The Neko Project is a book that pays homage to Japan’s unyielding love of cats through its thoughtful and expansive photography. It is the result of an open call to their network of Japanese photographers on the theme of cats and features all the projects that were submitted, alongside historical anecdotes and insightful commentary in both French and English.
Surrounded by Trees
When I was six, I developed a grass-like skin disease around my neck after my family and I visited a hilly area in Tagaytay. My grandfather, Tatay Marcial, who believed it was a punishment from a naughty dwende (elf), warned me against expressing my admiration for plants, especially those that grow in the wild.
Exiled – A Tibetan’s Tale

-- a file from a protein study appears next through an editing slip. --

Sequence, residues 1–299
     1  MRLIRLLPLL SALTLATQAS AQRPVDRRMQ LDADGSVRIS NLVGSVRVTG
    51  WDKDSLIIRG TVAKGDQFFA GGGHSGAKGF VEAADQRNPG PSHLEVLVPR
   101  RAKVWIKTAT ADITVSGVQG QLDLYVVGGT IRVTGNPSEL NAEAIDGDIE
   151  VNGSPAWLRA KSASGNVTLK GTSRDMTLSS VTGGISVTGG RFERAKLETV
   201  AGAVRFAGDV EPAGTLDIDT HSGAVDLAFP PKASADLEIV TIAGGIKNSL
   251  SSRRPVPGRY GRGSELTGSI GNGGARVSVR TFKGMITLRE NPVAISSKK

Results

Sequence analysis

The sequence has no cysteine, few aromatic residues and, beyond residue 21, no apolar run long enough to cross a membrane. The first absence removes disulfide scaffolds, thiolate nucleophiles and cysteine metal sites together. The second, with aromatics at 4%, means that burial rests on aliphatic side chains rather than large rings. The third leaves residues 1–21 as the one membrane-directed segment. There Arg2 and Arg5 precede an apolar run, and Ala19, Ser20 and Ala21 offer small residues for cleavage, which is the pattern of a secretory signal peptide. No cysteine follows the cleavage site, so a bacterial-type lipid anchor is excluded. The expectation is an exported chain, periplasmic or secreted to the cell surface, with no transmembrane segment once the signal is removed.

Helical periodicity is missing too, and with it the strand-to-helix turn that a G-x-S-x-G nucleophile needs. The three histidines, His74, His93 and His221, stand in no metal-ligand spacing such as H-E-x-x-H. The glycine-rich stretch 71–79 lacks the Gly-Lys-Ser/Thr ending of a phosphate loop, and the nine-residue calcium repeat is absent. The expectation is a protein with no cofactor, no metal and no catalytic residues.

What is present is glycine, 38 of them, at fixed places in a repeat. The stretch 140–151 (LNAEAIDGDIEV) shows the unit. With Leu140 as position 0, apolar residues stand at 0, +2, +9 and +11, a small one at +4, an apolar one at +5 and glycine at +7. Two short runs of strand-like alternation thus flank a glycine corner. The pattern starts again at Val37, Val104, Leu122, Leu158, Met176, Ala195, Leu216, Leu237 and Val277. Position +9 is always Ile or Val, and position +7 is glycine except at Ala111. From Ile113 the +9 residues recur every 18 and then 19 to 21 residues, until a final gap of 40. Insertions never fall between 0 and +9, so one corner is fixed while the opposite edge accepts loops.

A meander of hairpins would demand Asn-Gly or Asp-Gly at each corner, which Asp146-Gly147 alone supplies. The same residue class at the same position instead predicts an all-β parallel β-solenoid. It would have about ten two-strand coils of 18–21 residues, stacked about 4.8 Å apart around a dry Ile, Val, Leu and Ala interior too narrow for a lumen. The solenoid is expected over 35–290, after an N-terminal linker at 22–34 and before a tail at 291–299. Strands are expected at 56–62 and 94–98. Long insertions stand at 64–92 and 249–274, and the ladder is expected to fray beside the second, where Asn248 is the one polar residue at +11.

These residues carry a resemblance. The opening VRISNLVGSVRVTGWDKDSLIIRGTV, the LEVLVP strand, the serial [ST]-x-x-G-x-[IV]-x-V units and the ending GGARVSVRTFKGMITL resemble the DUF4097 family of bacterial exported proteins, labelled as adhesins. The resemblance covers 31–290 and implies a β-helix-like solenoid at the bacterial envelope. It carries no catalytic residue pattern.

“I was concerned about the many differences between India and China — the ways of thinking, for one — and India was not really up to confronting China. If I stayed in India, maybe I wouldn’t be able to do the kind of things I really wanted to do to help Tibet.” He eventually set his sights on Japan, with its own brand of Buddhism and spirituality, as his next home in exile.
Luck or Curse? The Stories of Two Hibakusha
“I worry somewhat that people in this country still think that by dropping those bombs we hastened the termination of the war and also saved a million lives of soldiers. I’m a little worried about that perception.”
Re-opening Our Eyes
Naoyuki Ogino describes his work as “…documentary in the broadest sense. I am trying to omit fiction as much as I can in order to capture the very moment of non-fiction. I want to document …people, within their histories, societies, cultures, neighborhoods, atmospheres, environments or weather.”